Damaged Goods, choreographed by Jocelyn Todd, is a contemporary dance show. It consists of two clearly distinct pieces of pure physical prowess that explore the ability of the body to tell stories.

Dance is not my medium. But every time I encounter a piece that does not rely on words to create its narrative, I am impressed with the potential for expression we all walk around with and rarely tap into. These two pieces are a symphony of breath and body that made me happy to be human.

The first dance on the bill is a much clearer narrative experience than the second, which struck me as a more conceptual exploration, though both conveyed a wealth of meaning. There is music present in both pieces, but the dancers are primarily in charge of creating the music of the pieces with the brush of arms and legs and feet, and the puffs of their exhalations.

The first piece is a male-female duet (Jessie Lhôte,and Maxime Nadeau) that seems to chronicle the difficulty and hurt of a parting. The interaction is rife with tension between the two dancers, as each one strives to gain control of the other and the situation as a whole. Each strategy employed in this contest swings its momentum towards the innovative party, before the other embodies, overcomes, and judo-like, counters its influence.

The pieces are separated by a long period of total darkness with music. I understand the practical need for this: the female dancer from the first piece is also in the second, and there is (I think) a reconfiguration of the curtains (EDIT: there is no reconfiguration of curtains, just a very different lighting state), but I don’t think this was a good choice in terms of the production as a whole. This period of negative presence really was much too long, and more importantly seems to bear only small relation to the embodied moments of the show. It certainly didn’t need to be as long as it was to establish the blackness necessary for the second piece.

The second piece features a three-woman ensemble (Jessie Lhôte, Alya Graham, MarieMichelle Darveau), and proceeds from the absolute darkness of the entre-act towards an at-times blinding chase of an untamable light. In the near-black beginning stages, the dancers’ movements are given another layer of sinuousness by the relative strength of shadow as an element on stage. Side lighting casts long almost inhuman shadows on the walls, and it’s hard to tell what parts of the dancers are responsible for which movement. I found this lack of clarity intriguing, but it made it hard to get back into the performance after the long darkness from which we only recently emerged. As the light brightens, the dancers’ movements become correspondingly larger, and an impulse towards self-immolation in the brightness comes into play.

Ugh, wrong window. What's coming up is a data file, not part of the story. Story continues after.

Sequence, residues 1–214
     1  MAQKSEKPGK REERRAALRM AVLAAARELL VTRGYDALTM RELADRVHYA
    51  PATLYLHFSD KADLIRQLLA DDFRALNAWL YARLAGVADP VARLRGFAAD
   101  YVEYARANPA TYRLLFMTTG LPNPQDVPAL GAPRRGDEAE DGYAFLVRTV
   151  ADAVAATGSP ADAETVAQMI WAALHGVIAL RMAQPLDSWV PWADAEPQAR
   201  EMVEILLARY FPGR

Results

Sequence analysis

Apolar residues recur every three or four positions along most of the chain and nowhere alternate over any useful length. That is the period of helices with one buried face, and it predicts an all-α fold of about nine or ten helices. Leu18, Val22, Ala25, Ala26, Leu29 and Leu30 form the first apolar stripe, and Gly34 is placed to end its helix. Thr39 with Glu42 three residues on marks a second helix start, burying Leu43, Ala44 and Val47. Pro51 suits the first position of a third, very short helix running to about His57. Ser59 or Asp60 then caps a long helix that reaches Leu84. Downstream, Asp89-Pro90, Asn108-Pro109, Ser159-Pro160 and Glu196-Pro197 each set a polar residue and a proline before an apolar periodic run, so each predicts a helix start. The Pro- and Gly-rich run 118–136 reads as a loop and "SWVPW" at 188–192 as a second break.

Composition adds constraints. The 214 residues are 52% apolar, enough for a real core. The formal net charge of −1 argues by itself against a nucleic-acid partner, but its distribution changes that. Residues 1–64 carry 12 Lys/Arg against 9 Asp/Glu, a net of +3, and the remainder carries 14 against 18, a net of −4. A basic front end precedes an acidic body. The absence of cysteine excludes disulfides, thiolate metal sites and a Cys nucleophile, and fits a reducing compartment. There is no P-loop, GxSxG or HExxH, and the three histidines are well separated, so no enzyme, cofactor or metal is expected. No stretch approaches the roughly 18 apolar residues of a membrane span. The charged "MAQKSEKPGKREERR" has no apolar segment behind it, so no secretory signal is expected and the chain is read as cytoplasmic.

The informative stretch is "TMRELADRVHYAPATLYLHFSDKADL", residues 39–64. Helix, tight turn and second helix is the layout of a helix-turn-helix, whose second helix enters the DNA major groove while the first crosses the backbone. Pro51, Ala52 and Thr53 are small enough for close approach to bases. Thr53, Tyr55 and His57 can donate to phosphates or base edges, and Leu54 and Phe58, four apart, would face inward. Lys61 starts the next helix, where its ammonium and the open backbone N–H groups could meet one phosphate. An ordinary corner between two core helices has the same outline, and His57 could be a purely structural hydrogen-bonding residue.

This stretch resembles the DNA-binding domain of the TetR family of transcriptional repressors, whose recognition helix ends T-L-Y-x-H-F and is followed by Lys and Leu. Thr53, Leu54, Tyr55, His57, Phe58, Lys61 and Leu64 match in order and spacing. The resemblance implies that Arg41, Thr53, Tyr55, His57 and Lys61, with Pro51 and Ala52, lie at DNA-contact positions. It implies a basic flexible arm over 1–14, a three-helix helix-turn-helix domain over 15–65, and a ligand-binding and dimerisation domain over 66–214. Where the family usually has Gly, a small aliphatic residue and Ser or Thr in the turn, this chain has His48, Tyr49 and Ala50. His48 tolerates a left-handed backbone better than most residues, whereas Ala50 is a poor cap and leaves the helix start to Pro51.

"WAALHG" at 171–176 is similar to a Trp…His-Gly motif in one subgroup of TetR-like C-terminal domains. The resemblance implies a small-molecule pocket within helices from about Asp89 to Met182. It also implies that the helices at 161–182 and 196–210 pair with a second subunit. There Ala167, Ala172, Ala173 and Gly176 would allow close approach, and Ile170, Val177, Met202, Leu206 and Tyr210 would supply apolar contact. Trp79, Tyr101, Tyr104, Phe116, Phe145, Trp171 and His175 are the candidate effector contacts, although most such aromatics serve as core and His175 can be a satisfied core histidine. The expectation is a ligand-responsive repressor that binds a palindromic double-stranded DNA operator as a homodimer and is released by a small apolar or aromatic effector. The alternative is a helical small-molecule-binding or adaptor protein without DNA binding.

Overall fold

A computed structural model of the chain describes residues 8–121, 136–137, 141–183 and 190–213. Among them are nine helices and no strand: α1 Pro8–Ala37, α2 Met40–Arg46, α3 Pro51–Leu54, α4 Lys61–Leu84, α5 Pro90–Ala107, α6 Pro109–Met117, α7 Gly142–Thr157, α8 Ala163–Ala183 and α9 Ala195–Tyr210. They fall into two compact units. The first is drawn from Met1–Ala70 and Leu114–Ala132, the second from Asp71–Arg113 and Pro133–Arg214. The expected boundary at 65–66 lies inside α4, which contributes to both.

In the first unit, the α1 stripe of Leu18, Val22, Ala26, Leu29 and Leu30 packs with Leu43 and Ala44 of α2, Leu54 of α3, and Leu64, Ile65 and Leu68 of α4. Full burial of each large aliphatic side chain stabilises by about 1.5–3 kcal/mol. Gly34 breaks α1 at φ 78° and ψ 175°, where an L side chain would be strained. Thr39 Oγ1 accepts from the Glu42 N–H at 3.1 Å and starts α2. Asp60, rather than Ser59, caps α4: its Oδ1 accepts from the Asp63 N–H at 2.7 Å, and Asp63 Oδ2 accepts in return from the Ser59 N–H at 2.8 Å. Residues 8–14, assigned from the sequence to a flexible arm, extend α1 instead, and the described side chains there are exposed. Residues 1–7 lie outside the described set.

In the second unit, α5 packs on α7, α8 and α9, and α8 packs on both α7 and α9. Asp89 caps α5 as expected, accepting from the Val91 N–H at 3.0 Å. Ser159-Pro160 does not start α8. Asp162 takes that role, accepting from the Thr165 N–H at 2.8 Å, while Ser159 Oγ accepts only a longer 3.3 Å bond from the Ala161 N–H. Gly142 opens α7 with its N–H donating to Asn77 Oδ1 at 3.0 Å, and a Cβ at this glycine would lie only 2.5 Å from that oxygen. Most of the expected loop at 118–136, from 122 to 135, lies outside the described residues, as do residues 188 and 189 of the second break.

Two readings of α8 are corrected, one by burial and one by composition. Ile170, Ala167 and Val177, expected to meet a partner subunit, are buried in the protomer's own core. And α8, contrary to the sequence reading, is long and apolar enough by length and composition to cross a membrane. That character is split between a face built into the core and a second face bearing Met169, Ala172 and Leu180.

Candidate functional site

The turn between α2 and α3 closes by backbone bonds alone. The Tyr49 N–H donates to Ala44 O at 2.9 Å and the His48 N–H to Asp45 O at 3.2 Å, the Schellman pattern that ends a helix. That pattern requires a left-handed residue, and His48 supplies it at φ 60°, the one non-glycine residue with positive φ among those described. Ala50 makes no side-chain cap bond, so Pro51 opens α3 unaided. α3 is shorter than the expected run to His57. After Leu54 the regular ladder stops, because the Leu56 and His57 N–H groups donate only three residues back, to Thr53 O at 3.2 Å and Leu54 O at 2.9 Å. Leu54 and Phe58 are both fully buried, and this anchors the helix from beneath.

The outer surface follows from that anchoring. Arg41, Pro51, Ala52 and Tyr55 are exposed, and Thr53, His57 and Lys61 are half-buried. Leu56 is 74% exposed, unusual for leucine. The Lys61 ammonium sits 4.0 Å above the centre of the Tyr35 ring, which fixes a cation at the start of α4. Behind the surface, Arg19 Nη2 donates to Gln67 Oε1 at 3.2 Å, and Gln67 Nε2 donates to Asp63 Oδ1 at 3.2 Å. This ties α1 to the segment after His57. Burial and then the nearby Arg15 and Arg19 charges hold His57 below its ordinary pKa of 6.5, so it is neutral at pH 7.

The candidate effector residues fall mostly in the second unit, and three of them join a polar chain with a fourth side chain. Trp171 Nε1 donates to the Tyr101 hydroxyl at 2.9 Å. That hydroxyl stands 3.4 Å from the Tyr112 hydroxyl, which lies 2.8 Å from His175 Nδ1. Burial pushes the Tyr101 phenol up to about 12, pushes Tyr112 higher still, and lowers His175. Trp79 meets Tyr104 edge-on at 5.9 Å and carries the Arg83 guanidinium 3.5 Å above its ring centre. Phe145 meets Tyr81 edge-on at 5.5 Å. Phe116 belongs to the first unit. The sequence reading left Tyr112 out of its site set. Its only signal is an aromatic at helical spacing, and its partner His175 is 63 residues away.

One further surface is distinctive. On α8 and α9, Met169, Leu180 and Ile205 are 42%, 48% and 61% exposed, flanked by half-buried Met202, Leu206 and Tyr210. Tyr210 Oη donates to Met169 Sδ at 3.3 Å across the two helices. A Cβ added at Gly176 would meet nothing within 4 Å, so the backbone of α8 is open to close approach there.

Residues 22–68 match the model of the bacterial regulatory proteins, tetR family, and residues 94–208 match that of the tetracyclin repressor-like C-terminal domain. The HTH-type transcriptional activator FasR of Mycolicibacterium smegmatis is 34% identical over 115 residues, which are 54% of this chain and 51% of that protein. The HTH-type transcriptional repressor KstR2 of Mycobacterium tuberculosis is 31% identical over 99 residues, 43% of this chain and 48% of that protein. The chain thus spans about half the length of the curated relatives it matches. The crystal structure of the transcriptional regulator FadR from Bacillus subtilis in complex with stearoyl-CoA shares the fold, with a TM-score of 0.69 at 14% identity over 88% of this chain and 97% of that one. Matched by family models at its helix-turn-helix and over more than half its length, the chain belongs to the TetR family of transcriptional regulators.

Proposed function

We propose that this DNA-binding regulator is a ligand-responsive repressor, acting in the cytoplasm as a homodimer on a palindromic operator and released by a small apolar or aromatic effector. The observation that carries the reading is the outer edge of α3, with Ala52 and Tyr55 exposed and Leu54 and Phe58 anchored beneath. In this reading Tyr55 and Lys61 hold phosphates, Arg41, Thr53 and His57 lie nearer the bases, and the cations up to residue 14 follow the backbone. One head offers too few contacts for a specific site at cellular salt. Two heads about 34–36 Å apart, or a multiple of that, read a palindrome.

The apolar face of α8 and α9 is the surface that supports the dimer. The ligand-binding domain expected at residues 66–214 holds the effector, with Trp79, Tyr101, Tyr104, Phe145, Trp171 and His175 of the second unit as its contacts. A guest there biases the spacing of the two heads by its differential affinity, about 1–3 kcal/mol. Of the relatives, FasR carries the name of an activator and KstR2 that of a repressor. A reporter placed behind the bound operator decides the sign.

The last part of the dance features a headlamp quite prominently. At times the light that this casts into the eyes of the audience appeared unconsidered; we have been fighting to see what’s happening on a very dark stage for ten or more minutes, only to have this light blind us. I wish the beam’s trajectory had been more carefully considered, or perhaps that the design had included some sort of diffusion. But in some sense, that might just be selfish. It could be that the blinding nature of this light is part of the point.

This show has given me a lot to think about and as a study in human physicality it’s extremely impressive. Sounds like I should go check out some more dance, doesn’t it? You probably should too, and you can start right here at the Fringe.

Damaged Goods is playing at Venue 1: Arts Court Theatre

Show times and ticket information can be found here.


Wes Babcock

 

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